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Multistep electroreduction of fullerene C60 in 1,2-dichlorobenzene-water biphasic system

Wojciech Adamiak ,  Marcin Opallo 

Polish Academy of Sciences, Institute of Physical Chemistry, Kasprzaka 44/52, Warszawa 01-224, Poland


Ion transfer processes across an interface between two immiscible electrolyte solutions (ITIES) can serve as the basis for amperometric sensors, electro-assisted ion extraction, pharmacokinetics, electrocatalysis, etc. [1]. One of the methods to drive ions to transfer is to utilize the electrode reactions of a suitable redox probe present in one phase. Since the electroneutrality must be maintained in each phase, the electrochemical transformations are often coupled to ion transfer processes which can be detected electrochemically [2].

Fullerene C60 is a suitable redox probe for studying ion transfer processes across ITIES since it can be reversibly reduced and its neutral and reduced forms are known to be practically insoluble in water. In our previous paper [3] we examined ion transfer processes coupled to the first electroreduction of fullerene and we reported anion-sensitive voltammetric response. Herein, we have extended our studies to the remaining two electroreductions and, to our best knowledge, this is the first time that the ion transfer processes accompanied to the consecutive three reductions of fullerene C60 have been reported.

We have found that in the studied biphasic system comprising of 1,2-dichlorobenzene and water, fullerene C60 undergoes three chemically reversible electroreductions which are accompanied to the expulsion of the anions of the supporting electrolyte which seems to act as an ion-exchanger. The calculated association constants show that the ion pair formation is thermodynamically more favored for more hydrophilic anions and this may stand for the observed ion-sensitivity. Moreover, the evolution of voltammograms shows that during electrochemical oxidations of fulleride species, the organic phase is progressively enriched with the aqueous anions that are preferentially associated with the tetrahexylammonium cations. Such a behavior provides the basis for ion detection whose sensitivity might be tailored by the choice of an appropriate tetraalkylammonium salt. To provide further insight into the mechanism of the overall process, the association between consecutive fulleride anions and tetrahexylammonium cations has been also examined.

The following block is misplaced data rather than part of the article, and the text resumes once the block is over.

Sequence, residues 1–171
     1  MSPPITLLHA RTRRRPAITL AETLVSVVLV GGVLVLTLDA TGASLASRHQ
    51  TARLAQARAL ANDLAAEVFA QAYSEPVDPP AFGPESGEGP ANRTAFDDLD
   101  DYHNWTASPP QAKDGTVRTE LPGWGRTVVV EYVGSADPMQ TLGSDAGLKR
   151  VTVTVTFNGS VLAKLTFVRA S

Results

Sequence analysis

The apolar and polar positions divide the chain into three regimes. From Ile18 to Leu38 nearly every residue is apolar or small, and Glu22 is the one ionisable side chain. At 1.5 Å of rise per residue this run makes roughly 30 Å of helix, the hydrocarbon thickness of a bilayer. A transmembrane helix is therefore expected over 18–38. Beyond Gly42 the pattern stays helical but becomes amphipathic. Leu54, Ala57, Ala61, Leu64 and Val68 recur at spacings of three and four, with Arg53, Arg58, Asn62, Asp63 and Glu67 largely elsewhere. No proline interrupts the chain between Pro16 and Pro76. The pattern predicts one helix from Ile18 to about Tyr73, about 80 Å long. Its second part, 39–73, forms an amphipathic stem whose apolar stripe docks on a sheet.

[1] F. Reymond, D. Fermin, H. J. Lee, H. H. Girault, Electrochim. Acta 45 (2000) 2647.

[2] F. Scholz, U. Schröder, R. Gulaboski, Electrochemistry of Immobilized Particles and Droplets, Springer-Verlag Berlin Heidelberg 2005.

[3] W. Adamiak, G. Shul, M. Opallo, Electrochem. Commun. 11 (2008) 149.


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Presentation: Short communication at SMCBS'2009 International Workshop, by Wojciech Adamiak
See On-line Journal of SMCBS'2009 International Workshop

Submitted: 2009-09-03 14:23
Revised:   2009-09-03 15:38